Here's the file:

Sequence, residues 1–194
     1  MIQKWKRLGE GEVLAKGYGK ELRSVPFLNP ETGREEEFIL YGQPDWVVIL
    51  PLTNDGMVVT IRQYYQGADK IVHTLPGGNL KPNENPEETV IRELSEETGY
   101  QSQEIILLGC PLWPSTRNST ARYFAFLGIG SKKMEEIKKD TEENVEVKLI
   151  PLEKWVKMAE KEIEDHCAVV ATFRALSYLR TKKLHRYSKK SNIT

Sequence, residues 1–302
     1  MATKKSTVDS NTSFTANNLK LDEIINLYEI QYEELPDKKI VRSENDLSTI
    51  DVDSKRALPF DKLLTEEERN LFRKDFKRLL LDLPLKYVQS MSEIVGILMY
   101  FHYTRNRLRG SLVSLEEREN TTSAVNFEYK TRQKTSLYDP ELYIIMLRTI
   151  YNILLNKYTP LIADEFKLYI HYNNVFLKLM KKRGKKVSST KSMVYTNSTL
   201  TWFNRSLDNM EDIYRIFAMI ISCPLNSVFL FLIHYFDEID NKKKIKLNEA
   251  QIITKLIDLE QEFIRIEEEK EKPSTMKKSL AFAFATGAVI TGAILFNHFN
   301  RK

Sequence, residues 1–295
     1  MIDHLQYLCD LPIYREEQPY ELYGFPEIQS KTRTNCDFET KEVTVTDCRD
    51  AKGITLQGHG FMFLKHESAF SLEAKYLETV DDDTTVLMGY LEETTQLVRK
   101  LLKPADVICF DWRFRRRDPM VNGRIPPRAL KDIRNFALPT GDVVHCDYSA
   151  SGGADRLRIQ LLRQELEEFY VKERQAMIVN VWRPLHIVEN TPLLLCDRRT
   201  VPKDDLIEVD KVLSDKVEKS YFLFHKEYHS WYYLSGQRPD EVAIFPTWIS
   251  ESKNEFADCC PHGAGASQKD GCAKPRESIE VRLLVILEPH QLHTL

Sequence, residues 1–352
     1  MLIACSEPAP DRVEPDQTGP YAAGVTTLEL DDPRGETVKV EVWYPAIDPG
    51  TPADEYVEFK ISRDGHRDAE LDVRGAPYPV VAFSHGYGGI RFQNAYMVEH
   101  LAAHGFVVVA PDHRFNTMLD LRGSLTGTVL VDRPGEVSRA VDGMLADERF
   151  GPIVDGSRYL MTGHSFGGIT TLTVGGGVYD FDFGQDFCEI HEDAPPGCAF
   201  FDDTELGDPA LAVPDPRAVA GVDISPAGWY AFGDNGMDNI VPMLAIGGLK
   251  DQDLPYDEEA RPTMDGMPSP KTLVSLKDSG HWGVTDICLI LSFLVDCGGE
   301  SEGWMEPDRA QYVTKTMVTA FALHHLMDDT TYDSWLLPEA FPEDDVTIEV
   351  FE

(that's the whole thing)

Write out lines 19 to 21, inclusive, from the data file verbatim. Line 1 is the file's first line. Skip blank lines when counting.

   201  VPKDDLIEVD KVLSDKVEKS YFLFHKEYHS WYYLSGQRPD EVAIFPTWIS
   251  ESKNEFADCC PHGAGASQKD GCAKPRESIE VRLLVILEPH QLHTL

Sequence, residues 1–352